Wednesday, 20 May 2009

Part 30 - Simulation Shenanigans

It’s five days until I start radiotherapy, which means that it’s three weeks and five days until I have to desperately scrabble through my big, stupid head for something else to write about. With this in mind, I may as well take advantage of being vaguely interesting whilst I still can and quickly update you on the goings on since I was fitted for my mask. The mask looks harrowing by the way, like a cheap fruit bowl that a severed head has been catapulted into at an incredible velocity.

I’ve had to wear it twice in the past two weeks. Firstly, for a CT scan to pinpoint where I’ll be treated and, secondly, for a radiotherapy simulator which basically involves all the fun of radiation therapy but without the hassle of being exposed to perilously high levels of nuclear energy. The latter was my first experience of having any treatment in a cancer-specific ward - all of my chemotherapy took place in a haematology building - which very much shifted the dynamic of how ill I can currently consider myself. I felt like an utter fraudster swaggering around with my hipster haircut as almost everyone else was head-scarved and sobbing.

I was taken through to the simulator room by a very short nurse, a spectacle which reminded me of when Veruca Salt’s father is escorted out of Willy Wonka’s chocolate factory by a tiny Oompa-Loompa. Walking in to the place, I was disappointed that the radiotherapy machine wasn’t quite as demonic and intimidating as I imagined it would be. I’d been expecting the exact same contraption that nearly reduced James Bond’s cock and balls to a cinder in Goldfinger, but it’s more like an enlarged version of my grandmother’s sewing machine.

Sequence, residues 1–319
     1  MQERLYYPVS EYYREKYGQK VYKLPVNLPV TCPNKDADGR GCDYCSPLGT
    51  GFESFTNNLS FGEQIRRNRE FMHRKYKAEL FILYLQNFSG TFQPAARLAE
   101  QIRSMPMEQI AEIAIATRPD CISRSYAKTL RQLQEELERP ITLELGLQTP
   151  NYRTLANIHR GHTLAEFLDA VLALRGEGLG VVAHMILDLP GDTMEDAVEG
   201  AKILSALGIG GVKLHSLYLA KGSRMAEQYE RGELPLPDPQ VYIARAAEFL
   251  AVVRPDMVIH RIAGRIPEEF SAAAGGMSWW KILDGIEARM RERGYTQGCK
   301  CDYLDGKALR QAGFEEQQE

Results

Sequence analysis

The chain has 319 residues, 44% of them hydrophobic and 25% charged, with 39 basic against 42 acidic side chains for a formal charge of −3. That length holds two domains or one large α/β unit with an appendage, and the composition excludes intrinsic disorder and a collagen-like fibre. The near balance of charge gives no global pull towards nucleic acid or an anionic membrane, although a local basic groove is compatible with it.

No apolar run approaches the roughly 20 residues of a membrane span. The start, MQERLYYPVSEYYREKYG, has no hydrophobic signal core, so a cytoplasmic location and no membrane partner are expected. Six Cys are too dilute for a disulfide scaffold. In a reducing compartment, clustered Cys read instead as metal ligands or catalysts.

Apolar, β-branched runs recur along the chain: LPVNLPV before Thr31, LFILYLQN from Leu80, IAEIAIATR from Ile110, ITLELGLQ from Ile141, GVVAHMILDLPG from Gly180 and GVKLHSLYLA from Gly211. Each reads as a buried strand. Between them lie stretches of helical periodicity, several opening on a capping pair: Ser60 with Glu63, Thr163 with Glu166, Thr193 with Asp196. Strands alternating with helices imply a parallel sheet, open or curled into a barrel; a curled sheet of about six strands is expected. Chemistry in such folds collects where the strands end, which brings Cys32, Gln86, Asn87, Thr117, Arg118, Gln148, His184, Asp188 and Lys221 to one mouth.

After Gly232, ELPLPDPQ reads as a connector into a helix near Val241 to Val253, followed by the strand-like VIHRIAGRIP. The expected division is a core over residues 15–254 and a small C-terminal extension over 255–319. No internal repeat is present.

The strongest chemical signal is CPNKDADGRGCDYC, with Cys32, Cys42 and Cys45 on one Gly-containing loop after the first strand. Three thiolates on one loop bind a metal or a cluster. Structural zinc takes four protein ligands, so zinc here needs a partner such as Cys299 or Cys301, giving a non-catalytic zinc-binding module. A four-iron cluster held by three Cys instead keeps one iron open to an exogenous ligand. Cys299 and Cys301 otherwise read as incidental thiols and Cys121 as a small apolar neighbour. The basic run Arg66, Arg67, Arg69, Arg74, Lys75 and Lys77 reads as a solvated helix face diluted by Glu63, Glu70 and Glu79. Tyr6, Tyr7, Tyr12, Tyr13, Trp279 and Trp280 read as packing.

The nursette asked me to take off my t-shirt and sit down whilst they awaited the arrival of my radiologists and, after about ten minutes of sitting down pointlessly semi-naked, two doctors and three nurses came in and I was introduced to each of them. The main outcome of this was the realisation that a handshake doesn’t really work as a friendly gesture when one of the participants doesn‘t have a shirt on, in which case the entire spectacle is really quite demeaning. I lay down on a table with the back of my head in the mask, and the face part was then clipped on top. “Stay still.” said the nurse, as I silently appreciated the irony trapped inside a Perspex prison which was physically bolted to the table.

The lights dimmed, the machine started whirring and an incredibly bright light suddenly shone directly into my shocked face about three centimetres away. Various lines moved across the light, like a crosshair, and then two people came in armed with permanent pens to mark where these lines met - presumably so they can treat the exact same place each time. There’s something very unsettling about two people drawing on your face when you have no way of telling what’s being drawn - mainly because, if I had that job, I’d most likely write ‘bell-end’ all over it. Also, the powerful fumes emitted as the pens scratched off the mask meant I was dangerously close to getting off my mash and hallucinating one thousand tarantulas streaming out of my eyes.

The colouring-in doctors left and I was left alone again, when something quite unexpected happened. The entire machine started to rotate anti-clockwise which moved what had been on the floor to the right and upwards until it was above my head. Now, when you have little variety of leisure activities besides looking upwards by force, your only entertainment is reading what’s on the machine above you so I was quite delighted to have a new view. However, that was only until a sign reading “Do not place machine base above head.” started edging ever-closer to my trapped and worried face, much like a health and safety-savvy instrument of medieval skull-crushing torture.

It mercifully stopped a few centimetres from my face, and maybe that particular bit wasn’t the ‘machine base’ they were warning of, but why on earth would you put a sign like that on a contraption exclusively designed to go above ill people’s heads? It’s a sure-fire recipe for shrieking panic. Anyway, a few more lines were drawn, I was released from my plastic dungeon, a few more degrading exposed-nipple handshakes took place and I scuttled out of hospital traumatised once more.

That was the final bit of radiotherapy preparation. The real thing kicks off on Monday, and I’ll be there every weekday for three terrible, terrible weeks.